I'm the resident novice at Friendship Indiana where the NMLRA Club holds its black powder shoots twice a year. I'd love to show up in the Primitive area and set that up for the week to do gun making. Anyway - a nice piece of work.

Marc Hills
09-02-2003, 11:46 PM

Oh, now that cart is just sweet. I have no idea if it is based on a traditional design, but it sure comes across as authentic. Do you have a set of knickers, suspenders and a white shirt to complete the package? Wheeling up your old tools for your living history demonstrations must create quite an impression.

St. Roy of Underhill would be proud.

harry strasil
09-03-2003, 1:40 AM
Jerry, the workbench legs are dovetailed to the top on both ends with a 3/4 peg for security,the feet and the stretcher are mortise and tenon and pegged. The top and other end leg are basswood, 4 inches thick and 12 inches wide. the leg on this end , the stretcher and feet are ash, the apron is oak with (6) 3/8 by 3 in woodscrews to hold it on and it is loose pegged to the top, no glue is used it will all come apart and there is no looseness in the sliding dovetails. (yet) I used basswood for the top because it was available and kiln dried and he ran it thru his planer all for $20 and it is light to move around, the top is full of holes for the bench dogs too. There is an old style bench vise on the other end. It has the stability for chiseling on top of. I slide it out onto the cart and then upend it from there to set up.

the cart is almost all oak with mortise and tenon and dovetail construction on the main frame, the top boards are from a pallet and are nailed on. The wheels are of oak with a shrunk on tyre and are 16 inches in diameter.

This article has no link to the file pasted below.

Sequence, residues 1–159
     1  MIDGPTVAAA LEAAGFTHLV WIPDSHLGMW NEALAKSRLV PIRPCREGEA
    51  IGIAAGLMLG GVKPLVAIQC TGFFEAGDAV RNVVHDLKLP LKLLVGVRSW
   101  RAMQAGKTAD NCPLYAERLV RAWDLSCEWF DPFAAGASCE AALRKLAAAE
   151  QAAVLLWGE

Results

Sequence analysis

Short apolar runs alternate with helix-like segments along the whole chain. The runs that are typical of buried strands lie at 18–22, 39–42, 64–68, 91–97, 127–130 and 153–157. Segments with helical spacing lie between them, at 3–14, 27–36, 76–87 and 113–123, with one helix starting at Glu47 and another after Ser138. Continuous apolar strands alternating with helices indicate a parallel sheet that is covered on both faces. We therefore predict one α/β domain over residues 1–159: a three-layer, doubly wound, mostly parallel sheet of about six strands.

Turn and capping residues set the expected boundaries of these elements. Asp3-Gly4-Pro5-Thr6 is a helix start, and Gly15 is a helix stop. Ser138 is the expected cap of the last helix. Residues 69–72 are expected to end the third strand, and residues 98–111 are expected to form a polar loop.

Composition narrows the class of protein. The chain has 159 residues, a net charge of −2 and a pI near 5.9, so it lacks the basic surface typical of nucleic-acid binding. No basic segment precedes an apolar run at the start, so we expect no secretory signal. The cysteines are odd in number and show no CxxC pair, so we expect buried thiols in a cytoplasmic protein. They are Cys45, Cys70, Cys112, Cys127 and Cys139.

I had fun wheeling all the stuff into the Holiday Inn Convention Center Ball room 2 years ago when I demoed for the Midwest Tool Collectors Association. I got some strange stares from lots of people.

Most people when I demonstrate don't give the setup a second look when I am demoing, just a bunch of old junk to them. But the ones who do stop and look and ask questions make it worth while. and occasionally a real old timer will set and watch for hours. YOu will usually learn something about tool use from them, they usually did this kind of work and are just waiting for you to make a mistake in identifing a tool or misusing it. I just love it when the power tool people come along and try to put me and my tools down, I have been fortunate in being able to embarass some of the testier ones in front of a crowd, they don't like chewing on their own shoes. And yes, I do occasionally get into period clothes including glasses.

a better view of the bench is attached. This was on a waxed tile floor and the bench seemed like it was on skate wheels. the bench is 5 ft long and about 32 inches high. there is a table and stands for the boxes and a rack for the bow and frame saws that all come apart so they will fit in the trailer.

harry strasil
09-03-2003, 2:07 AM
I forgot to mention the hilarious part of demoing with these tool boxes. the LADIES. They walk up look at the tool boxes and start to really get on my case. " Get them filthy tools out of them blanket chests before you ruin them, what are you some kind of idiot", and the response brings an immediate laugh attack from me, which only infuriates them more.

harry strasil
09-06-2003, 9:40 PM
This post is for Jerry Crawford as I could not email you. I was set up at a steam show today and took some pictures of the bench for you.